(Natural News) Headlines about health studies often leave people confused and frustrated, with a study claiming that a certain food is bad for you often contradicted by one that says the opposite just days or months later. When you throw the financial interests of various studies’ sponsors into the mix, it’s no surprise that many people take scientific studies with a huge grain of salt. However, even die-hard study skeptics are likely to believe new research that shows scientific papers regularly spin their results.
After reviewing 35 published academic studies of the phenomenon of “spin” or “science hype” in biomedical scientific papers, researchers from the University of Sydney’s Charles Perkins Centre and Faculty of Pharmacy discovered that more than 26 percent of studies known as meta-analyses or systematic reviews contained spin. When they focused solely on non-randomized trials, the proportion skyrocketed to an alarming 84 percent.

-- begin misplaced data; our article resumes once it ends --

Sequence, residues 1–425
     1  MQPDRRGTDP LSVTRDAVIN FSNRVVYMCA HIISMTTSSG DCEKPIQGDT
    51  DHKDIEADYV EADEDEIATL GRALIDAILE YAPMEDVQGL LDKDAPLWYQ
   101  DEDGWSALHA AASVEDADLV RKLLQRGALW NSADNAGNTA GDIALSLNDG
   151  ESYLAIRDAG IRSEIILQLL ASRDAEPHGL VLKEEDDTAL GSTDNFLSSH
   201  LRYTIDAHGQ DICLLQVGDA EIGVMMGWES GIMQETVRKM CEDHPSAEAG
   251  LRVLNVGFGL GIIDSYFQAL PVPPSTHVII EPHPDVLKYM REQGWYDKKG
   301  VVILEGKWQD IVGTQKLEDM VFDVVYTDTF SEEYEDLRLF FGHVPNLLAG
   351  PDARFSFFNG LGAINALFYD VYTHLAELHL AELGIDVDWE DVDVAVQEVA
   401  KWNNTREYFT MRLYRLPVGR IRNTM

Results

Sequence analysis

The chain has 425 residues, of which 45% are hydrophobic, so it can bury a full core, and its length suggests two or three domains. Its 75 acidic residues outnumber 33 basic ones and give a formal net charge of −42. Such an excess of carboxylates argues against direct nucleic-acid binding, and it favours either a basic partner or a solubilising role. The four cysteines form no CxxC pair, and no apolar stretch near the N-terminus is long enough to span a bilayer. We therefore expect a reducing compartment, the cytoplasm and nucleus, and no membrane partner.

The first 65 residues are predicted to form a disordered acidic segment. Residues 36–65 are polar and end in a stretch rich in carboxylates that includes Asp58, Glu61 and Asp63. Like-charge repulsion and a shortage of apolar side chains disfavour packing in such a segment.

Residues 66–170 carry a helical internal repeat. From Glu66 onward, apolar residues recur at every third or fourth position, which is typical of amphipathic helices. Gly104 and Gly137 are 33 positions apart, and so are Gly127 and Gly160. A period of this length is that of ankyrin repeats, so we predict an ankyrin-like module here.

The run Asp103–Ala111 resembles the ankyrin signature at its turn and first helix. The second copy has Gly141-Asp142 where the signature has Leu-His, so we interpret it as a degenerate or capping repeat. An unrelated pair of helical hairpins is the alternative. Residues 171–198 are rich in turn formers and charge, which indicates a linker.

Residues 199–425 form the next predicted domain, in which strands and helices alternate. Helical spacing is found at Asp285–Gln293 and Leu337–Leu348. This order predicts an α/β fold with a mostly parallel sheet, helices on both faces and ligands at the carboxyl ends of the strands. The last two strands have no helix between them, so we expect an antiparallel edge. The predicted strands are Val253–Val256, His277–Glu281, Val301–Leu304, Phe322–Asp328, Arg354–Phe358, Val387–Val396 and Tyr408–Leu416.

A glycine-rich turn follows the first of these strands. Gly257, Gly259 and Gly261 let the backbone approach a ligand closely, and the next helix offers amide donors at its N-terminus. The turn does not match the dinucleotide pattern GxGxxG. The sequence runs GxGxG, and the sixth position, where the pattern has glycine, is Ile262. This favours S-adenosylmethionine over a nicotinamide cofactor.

The spin came in many forms throughout the studies in question. Some made inappropriate claims about results that were not statistically significant, while others attributed causality when it was not possible. Studies also used selective reporting, like choosing only to mention certain data in the conclusions, and some made inappropriate recommendations that were not backed up by the study’s results. There were also many instances of studies painting data in a deceivingly positive light, such as by writing abstracts that were overly optimistic, underreporting any adverse events, and describing the study’s design in a way that was misleading.
A lot of this spin was connected to outside influence on the scientists in question, and more research is needed to uncover the extent of this behavior. Study co-author Professor Lisa Bero said: “The contribution of research incentives and reward structures — for example financial and reputational — that rely on ‘positive’ conclusions in order to publish and garner media attention is yet to be addressed.”